Like anything – holidays, birthdays, other celebrations – Christmas is going to be a little bit different this year. All the changes and compromises that will have to be made are going to be hard on most people, especially those that love Christmas and look forward to it all year. If you have a certain expectation of how this Christmas is going to me, especially if you’re used to perfection, you may be in for some disappointment.
We spoke to Sally Baker, to give you some tips on how to manage your expectations this year. Sally is a highly experienced licensed and certified senior therapist, speaker and published author. She teaches powerful self-help therapeutic approaches to improve and maintain on-going positive mental health.
1. “This year is going to be so hard. Christmas is everything to me, and I’m struggling with the notion that we’re not going to be able to celebrate as we usually do. How can I get my head around the fact it’s just going to be different this year?”
Sally: The truth is it is unavoidable that Christmas will be different for most people this year. Even if you’re able to see some of your family and friends over the holiday it will be much more restricted than normal.
It would be very easy to just focus on all of the aspects of Christmas that you are missing or that have changed beyond all recognition. What that would most likely do to you is steal any chance of joy with the Christmas you can have. That would feel like a double-whammy. So, when you feel yourself ruminating on how different everything is I want you to interrupt your thoughts as quickly as possible before you have time to spiral deeper into feeling more negativity.
I’ll teach you a really easy way to do this. When you notice yourself struggling as you think about all the negative changes the pandemic has brought about I want you to make a gameshow noise – like an ‘Uh-Uh’ buzzer – for a wrong answer. It might sound silly but this is a recognised technique used by psychologists to help their clients interrupt all kinds of negative thinking. You are going to use that ‘Uh-Uh’ sound to interrupt your negative thinking. If you prefer you can make the buzzer sound silently in your mind or out loud. It might be fun to share this technique with those in your household or when you’re chatting to friends. The ’Uh-Uh’ buzzer strategy could become your ‘thing’ so that whenever you or anyone close to you spirals into negativity either you or they make the ‘Uh-Uh’ buzzer sound.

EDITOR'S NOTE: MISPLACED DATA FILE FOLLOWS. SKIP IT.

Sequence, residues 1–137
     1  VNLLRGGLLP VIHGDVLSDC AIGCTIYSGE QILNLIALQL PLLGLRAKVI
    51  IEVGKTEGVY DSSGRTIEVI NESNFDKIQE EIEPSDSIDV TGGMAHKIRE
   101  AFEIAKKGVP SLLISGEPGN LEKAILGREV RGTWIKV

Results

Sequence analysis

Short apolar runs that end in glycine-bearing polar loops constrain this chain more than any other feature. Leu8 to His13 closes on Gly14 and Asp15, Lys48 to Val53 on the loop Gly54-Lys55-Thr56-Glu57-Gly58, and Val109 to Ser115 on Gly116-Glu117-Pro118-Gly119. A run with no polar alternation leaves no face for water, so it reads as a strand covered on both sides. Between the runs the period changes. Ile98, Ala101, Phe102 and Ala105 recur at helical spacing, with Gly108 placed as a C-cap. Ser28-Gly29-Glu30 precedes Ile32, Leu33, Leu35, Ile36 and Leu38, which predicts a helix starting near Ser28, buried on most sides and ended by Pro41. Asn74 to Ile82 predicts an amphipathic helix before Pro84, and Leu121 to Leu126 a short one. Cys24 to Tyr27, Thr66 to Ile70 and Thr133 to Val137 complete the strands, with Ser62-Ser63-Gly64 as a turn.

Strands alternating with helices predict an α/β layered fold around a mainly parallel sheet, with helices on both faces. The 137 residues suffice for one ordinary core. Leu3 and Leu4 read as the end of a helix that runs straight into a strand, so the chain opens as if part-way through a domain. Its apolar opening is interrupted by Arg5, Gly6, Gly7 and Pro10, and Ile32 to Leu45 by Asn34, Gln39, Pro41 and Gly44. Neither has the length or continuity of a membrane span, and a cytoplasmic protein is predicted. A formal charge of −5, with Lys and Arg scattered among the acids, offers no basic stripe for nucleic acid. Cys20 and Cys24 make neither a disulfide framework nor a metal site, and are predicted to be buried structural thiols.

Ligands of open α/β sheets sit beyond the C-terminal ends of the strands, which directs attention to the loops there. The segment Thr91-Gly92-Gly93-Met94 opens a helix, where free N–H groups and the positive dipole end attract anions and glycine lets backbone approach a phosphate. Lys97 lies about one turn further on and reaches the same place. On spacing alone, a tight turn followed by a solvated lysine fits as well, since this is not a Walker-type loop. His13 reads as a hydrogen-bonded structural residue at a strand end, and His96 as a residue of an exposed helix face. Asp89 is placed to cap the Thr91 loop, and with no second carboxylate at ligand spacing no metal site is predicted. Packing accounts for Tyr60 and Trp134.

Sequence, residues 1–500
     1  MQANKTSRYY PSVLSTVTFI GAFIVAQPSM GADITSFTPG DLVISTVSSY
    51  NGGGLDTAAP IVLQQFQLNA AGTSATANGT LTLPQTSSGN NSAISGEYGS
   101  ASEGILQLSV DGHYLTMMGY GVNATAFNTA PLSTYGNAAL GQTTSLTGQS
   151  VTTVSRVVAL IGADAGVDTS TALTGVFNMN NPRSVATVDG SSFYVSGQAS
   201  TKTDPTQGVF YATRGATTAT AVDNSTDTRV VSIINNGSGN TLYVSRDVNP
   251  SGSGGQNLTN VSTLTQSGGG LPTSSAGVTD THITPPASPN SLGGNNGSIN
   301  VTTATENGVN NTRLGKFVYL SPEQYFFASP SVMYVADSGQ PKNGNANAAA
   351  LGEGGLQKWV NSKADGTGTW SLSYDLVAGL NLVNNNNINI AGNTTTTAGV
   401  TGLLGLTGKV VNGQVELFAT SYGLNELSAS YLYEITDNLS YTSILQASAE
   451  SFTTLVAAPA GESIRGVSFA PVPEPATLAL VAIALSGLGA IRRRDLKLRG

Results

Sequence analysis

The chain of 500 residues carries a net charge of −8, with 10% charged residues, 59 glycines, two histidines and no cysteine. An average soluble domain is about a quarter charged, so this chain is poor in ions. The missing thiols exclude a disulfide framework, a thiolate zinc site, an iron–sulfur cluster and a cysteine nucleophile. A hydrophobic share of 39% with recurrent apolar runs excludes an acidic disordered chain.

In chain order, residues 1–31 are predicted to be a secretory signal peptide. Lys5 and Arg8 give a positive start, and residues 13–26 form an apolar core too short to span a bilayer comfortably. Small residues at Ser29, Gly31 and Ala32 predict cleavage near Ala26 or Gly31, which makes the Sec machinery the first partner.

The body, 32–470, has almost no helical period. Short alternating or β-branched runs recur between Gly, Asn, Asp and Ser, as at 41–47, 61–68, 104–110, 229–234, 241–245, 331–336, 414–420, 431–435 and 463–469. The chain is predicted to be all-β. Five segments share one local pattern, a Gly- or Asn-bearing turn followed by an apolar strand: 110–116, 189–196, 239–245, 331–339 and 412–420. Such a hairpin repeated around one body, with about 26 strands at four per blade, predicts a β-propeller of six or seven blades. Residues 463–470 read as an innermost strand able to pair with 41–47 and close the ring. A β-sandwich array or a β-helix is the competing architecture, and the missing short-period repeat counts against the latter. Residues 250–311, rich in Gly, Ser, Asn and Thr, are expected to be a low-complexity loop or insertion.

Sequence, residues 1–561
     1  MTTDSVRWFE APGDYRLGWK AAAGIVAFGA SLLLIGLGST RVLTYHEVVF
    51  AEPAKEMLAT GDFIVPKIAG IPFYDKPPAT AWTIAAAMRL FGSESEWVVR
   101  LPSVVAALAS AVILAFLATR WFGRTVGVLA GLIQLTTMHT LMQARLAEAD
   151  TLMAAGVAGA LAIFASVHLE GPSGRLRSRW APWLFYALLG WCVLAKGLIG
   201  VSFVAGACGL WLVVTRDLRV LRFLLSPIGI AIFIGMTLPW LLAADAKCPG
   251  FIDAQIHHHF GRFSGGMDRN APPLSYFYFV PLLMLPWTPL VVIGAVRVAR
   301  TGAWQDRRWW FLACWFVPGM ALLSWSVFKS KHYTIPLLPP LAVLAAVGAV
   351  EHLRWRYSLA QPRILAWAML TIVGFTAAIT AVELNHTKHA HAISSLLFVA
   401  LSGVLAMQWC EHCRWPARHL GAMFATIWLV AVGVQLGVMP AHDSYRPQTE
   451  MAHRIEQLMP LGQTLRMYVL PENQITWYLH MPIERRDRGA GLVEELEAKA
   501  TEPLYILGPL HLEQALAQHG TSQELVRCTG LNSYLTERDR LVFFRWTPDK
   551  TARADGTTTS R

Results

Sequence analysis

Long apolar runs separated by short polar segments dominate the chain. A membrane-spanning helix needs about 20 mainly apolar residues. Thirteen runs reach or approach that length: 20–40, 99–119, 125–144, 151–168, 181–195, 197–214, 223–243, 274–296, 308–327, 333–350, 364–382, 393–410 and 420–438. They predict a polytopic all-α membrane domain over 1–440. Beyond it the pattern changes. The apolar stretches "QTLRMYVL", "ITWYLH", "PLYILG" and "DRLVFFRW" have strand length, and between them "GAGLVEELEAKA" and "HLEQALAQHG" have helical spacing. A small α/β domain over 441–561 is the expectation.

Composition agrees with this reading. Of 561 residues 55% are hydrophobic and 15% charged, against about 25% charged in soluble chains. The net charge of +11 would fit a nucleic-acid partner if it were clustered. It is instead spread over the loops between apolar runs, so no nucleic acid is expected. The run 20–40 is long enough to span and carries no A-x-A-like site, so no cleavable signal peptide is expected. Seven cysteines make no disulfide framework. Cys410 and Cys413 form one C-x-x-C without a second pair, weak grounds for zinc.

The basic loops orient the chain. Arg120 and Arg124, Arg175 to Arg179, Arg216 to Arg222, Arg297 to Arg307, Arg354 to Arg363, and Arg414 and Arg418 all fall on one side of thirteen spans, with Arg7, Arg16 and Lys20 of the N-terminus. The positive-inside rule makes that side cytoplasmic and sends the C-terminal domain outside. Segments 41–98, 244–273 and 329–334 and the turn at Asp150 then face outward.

With that buzzer sound, soon your Christmas won’t feel like half the struggle you thought it was going to be.
2. “I’m a bit of a control freak, and I’m worried about spending the holidays with my boyfriend’s family for the first time. I usually handle planning – I hate handing over the reins to someone else and I’m worried I’m not going to enjoy it…”
Sally: Part of becoming a committed couple is the ability to be flexible and learning to compromise. Just as going to your boyfriend’s for Christmas is a big deal for you I’m sure it will feel special for them having their son’s girlfriend sharing the holiday with them.
Christmas is such an emotionally loaded time. It’s not really about the differences in the things people do but the feelings between people that are the most important. I recognise that it will be hard for you as you’re used to being in control. Often people who like to be in control are masking their anxiety so you have a couple of options to help get you through your first Christmas as a guest of your boyfriend’s family.
Option one: Say to yourself that you are resigning from being responsible for Christmas this time. Somehow or other you’ve ended up with the job of holding the Christmas reins and if the truth be told its exhausting and in some families, it can even be a thankless task. So, tell yourself this year you are resigning from the job of being responsible for Christmas and appointing yourself the role of a grateful guest instead.
If that is too big an ask for you then plum for Option two: Contact by email or text (so they have time to process) whoever is chief Christmas wrangler in your boyfriend’s family and offer to be responsible for one aspect of the celebrations. You could suggest making the pre-lunch cocktails: ask to decorate the Christmas dining table; make the starters or the dessert on Christmas day. Alternatively, say you’d love to give them a break on Boxing Day and take over those festivities. By asking them well in advance they can seriously consider your request and not just put you off.